Does your travel insurance cover COVID-19?

Okay, so what if your flight tickets have been booked, bags have been packed and there’s no getting out of your travel plans, especially if it’s related to work?

Aside from considering whether you want to travel at this point, if travel is unavoidable or you are travelling to a relatively low-risk country, you’ll want to check if you are covered by travel insurance.

Because COVID-19 has been declared as a Public Health Emergency of International Concern and described as a pandemic, an infection caused by the coronavirus is now commonly considered by many travel insurance providers to be a known event and no longer unforeseen.

Travel policies generally exclude claims arising from known (at time of trip booking, policy purchase and/or journey commencement) circumstances, such as travelling against travel advice issued by official bodies (e.g., Ministry of Foreign Affairs, Ministry of Health, World Health Organisation) or mass media. This means that, unfortunately, providers are unlikely to offer coverage for the virus if you had purchased your policy after an outbreak in a particular country was announced in mass media or travel advisories issued.

If you purchased your policy for travel to a destination before a travel advisory was issued against it, you may be covered for trip cancellation – but if you choose to continue on your trip, you are unlikely to be covered from any claims resulting from COVID-19. Although generally, you may still enjoy coverage if you are travelling to a destination not identified as the subject of a travel advisory, do note that there are some travel policies which do not cover claims arising from epidemics/pandemics at all.

If you’ve already purchased your travel insurance for your trip (and we hope you have!) you might want to be aware of what protection for the virus your policy offers. Due to the ever-changing situation, as much as we would like to compile the information for you, we would recommend that you check with the insurer prior to purchasing – checking their website for notices on COVID-19 (which may not always be updated) or contacting them as necessary.

Travel insurance providerContact details for claims related issues
Allianz Travel


Customer service hotline: +65 6327 2215 (Mon-Fri: 9am-5:30pm)



Customer service hotline: +65 6827 9966 (Mon-Fri: 8:45am-5:30pm)

Go Travel

(underwritten by Chubb)


Customer service hotline: +65 6299 0988 (Mon-Fri 9.00am to 5.00pm)



Customer service hotline: +65 6665 5555 (Mon-Fri: 8am-8pm)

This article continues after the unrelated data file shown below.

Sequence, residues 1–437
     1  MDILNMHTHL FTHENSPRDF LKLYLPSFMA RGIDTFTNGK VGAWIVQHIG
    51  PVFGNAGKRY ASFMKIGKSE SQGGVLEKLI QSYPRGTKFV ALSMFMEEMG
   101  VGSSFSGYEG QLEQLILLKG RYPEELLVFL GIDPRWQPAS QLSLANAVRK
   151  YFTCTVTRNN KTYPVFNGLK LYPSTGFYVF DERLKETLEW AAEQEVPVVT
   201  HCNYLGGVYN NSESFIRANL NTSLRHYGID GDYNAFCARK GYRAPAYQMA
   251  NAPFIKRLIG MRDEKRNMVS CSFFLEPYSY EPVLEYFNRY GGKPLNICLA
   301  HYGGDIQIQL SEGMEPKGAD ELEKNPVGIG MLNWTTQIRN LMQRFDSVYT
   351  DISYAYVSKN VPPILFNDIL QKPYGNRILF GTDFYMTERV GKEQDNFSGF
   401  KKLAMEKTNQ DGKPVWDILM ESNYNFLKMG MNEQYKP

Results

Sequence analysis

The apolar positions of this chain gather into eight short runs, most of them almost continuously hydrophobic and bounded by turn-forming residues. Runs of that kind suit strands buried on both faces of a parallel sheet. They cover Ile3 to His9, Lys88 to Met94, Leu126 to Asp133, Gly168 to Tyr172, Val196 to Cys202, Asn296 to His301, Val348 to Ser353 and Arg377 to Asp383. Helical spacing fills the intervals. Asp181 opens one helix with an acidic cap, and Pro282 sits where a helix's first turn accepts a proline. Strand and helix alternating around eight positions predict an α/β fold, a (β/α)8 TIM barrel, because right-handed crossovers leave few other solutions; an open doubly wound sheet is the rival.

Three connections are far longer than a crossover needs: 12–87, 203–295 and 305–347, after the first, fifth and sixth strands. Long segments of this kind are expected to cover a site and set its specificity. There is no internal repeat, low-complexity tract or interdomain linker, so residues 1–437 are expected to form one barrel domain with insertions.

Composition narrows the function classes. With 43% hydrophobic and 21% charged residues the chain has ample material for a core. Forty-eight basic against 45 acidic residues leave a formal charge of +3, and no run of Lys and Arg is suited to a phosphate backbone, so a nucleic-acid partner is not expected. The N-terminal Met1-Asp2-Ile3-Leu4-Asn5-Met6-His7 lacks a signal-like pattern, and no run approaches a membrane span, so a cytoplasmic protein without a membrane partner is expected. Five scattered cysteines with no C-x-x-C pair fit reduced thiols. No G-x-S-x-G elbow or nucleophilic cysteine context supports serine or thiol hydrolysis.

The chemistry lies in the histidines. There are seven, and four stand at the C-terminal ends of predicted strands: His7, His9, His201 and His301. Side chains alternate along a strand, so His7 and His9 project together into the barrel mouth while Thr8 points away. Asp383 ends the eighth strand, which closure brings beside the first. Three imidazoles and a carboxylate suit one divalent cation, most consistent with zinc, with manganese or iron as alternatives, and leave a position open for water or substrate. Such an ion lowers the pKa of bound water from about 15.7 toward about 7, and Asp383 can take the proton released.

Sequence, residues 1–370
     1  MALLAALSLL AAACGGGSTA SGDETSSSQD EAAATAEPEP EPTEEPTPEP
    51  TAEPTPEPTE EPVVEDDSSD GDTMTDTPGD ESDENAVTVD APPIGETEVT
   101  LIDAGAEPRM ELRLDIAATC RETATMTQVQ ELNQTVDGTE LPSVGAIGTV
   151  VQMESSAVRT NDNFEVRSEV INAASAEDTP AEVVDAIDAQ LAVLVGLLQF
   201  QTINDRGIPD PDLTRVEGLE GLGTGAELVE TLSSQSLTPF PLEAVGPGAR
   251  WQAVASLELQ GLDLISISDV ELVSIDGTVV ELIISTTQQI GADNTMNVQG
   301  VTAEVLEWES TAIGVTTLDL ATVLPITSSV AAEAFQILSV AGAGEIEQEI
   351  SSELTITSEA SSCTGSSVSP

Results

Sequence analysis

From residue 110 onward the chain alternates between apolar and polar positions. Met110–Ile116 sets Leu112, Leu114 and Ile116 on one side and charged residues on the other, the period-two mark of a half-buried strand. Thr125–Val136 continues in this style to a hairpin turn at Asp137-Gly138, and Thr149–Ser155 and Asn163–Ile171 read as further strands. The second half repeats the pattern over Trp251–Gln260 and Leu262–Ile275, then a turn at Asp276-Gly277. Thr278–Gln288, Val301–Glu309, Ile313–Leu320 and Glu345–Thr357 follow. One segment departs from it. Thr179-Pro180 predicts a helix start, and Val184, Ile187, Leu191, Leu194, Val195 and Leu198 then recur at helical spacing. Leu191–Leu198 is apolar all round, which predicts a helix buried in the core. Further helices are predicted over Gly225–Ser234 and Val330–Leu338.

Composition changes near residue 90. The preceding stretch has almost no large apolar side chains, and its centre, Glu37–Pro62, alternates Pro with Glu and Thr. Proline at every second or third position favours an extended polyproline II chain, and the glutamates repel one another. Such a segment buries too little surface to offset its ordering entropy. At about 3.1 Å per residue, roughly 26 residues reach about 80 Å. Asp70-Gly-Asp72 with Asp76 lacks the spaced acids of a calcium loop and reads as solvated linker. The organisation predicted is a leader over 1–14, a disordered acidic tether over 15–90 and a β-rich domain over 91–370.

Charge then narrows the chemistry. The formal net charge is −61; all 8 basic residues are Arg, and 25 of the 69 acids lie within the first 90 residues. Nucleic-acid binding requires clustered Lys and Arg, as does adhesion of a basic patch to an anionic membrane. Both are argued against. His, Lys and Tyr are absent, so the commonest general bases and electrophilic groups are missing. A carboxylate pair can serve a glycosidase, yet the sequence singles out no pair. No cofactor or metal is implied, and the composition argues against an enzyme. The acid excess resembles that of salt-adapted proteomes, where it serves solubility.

Customer service hotline: +65 6829 9199



Customer service hotline: +65 6887 8777 (Mon-Fri: 9am-6pm)

FWD Insurance


Customer service hotline: +65 6820 8888 (Mon-Fri: 9am-10pm, Sat: 9am-1pm)

Great Eastern


Customer service hotline: 1800 248 2888 (Mon-Fri: 9am-5:30pm)

Hong Leong Assurance


Customer service hotline: +65 6702 0202 (Mon-Fri: 9am-6pm)

NTUC Income

Online form:

Customer service hotline: +65 6788 6616 (Mon-Fri: 8:30am-6:30pm)

Some questions to ask a travel insurance provider on COVID-19 before policy purchase or trip:

  1. Will a trip cancellation to my specific destination be covered by my travel insurance due to COVID-19?
  2. Will medical expenses and hospital admission be covered to my specific destination should I fall ill with COVID-19?
  3. How much will I be covered for trip cancellations, postponements, shortening of trips as well as medical expenses?

In Closing

While no one could have seen the coronavirus coming, it’s nonetheless very important to plan and book travel insurance early as it may still be possible to safeguard against this particularly if you are travelling to countries relatively unaffected by COVID-19.

So if you have a trip scheduled anytime soon, it’s best to make sure you choose a policy that protects you from COVID-19 as early as possible before your provider deems it a known event in your destination. Check with the provider before purchasing a policy, and also just before your trip to confirm your coverage still stands.

To help you make this important decision, GoBear’s comparison tool is here to help!

The information in this article is accurate as of 13 March 2020 unless otherwise stated. Whilst we endeavour to keep the information accurate and updated, GoBear makes no representation or warranties for the accuracy of the information in this article or content of any websites which are linked.

This article is for informational and promotional purposes only; it does not constitute advice or recommendation and does not take into account your own individual circumstances. The information in this article may not be updated and you should always refer to the relevant Policy Wording and insurer. In the event of any inconsistency, the Policy Wording and/or information from the insurer shall prevail.


If you’ve been following the news lately, it can be pretty concerning to watch the numbers of those infected by the novel coronavirus continues to creep up. As of 12 March 2020, the total number of those in Singapore with the disease COIVID-19 infected by the SARS-CoV-2 coronavirus, stands at 187, over a month after the first case of local transmission was reported (refer to the Ministry of Health website for updated statistics).

Globally, well over 100,000 have officially been diagnosed with the coronavirus as of 13 March 2020, which first originated in the city of Wuhan, in the Hubei province of China. Meanwhile, close to 5,000 deaths have been reported so far, of which a vast majority of over 3,000 has been reported in China. So how worried should travellers be? And if you have travel plans for work or other necessary reasons, what steps should you take to protect yourself as best as you can?